5. But I love Bill Clinton! I have such a crush on him.

That’s OK. You still can. Sometimes people we like do messed-up things, and that’s life.


6. But I’m mad at her because he’s so great, and she makes me doubt that!

Don’t be mad at her. It’s not her fault. Please see above.


7. But she cheated! She’s a cheater.

Well, you’re half-right. He cheated, and he’s a cheater. She was single. So, actually, come to think of it, you’re none right.


8. But what does any of this have to do with anything now? This all happened so long ago.

It still matters as long as powerful people are having relationships with their subordinates and all we can focus on is how it’s really the subordinates' fault, despite the fact that they’re in a place of no power. Which definitely didn’t stop with Bill Clinton and Monica Lewinsky.


9. But, but, but, I still have all this undifferentiated anger and NOTHING TO DO WITH IT!!

There there. It’s going to be OK.

We know that mammals feed their young with milk from their own bodies, and we know that whales are mammals. But the logistics of how some whales make breastfeeding happen has been a bit of a mystery for scientists. Such has been the case with sperm whales.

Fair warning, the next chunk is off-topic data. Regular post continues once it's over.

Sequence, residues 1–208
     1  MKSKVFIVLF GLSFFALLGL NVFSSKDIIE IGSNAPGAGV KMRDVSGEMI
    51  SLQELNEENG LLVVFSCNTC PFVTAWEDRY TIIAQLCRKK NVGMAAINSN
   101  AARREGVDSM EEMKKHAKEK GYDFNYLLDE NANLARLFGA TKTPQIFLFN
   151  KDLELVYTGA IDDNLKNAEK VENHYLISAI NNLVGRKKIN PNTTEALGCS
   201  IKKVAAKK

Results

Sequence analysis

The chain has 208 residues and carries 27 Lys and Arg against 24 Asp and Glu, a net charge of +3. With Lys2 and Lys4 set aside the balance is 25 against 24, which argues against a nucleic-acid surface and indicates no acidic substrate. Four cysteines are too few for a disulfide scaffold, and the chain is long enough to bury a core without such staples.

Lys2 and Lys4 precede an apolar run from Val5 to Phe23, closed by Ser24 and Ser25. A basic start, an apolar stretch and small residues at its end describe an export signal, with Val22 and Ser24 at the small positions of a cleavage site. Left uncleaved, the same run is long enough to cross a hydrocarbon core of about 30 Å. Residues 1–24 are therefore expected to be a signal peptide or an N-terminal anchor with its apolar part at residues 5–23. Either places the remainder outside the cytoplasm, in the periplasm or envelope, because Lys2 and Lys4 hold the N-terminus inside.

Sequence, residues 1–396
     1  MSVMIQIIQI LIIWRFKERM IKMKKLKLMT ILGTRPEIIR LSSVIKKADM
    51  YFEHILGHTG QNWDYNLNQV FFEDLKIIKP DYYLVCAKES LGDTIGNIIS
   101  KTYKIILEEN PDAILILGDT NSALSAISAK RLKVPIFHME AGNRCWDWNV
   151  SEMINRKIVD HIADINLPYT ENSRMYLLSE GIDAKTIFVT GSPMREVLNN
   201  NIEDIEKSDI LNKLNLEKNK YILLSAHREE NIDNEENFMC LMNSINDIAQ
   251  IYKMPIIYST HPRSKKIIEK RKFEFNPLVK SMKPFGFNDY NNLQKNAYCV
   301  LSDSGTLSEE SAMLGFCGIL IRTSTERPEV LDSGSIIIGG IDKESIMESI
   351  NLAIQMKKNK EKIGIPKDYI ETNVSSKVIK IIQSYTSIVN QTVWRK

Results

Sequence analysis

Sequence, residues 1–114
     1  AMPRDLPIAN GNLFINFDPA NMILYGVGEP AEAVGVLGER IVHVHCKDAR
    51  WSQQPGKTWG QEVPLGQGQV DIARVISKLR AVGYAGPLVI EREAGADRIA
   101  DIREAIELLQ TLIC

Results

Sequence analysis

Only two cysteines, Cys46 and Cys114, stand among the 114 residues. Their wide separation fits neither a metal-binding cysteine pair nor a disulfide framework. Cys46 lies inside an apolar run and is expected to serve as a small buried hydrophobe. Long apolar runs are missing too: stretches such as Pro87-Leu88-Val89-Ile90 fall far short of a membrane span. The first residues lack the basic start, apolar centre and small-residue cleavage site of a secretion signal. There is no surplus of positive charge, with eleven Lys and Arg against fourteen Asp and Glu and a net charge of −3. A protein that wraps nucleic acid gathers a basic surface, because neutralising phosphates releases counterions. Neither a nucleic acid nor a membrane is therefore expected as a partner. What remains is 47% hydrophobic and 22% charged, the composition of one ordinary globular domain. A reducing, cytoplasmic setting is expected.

Sperm whales are uniquely shaped, with humongous, block-shaped heads that house the largest brains in the animal world. Like other cetaceans, sperm whale babies rely on their mother's milk for sustenance in their first year or two. And also like other cetaceans, a sperm whale mama's nipple is inverted—it doesn't stick out from her body like many mammals, but rather is hidden inside a mammary slit.

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Images courtesy of John Scully, Walden University, Ingrid Scully
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Since March of 2020, over 29 million Americans have been diagnosed with COVID-19, according to the CDC. Over 540,000 have died in the United States as this unprecedented pandemic has swept the globe. And yet, by the end of 2020, it looked like science was winning: vaccines had been developed.

In celebration of the power of science we spoke to three people: an individual, a medical provider, and a vaccine scientist about how vaccines have impacted them throughout their lives. Here are their answers: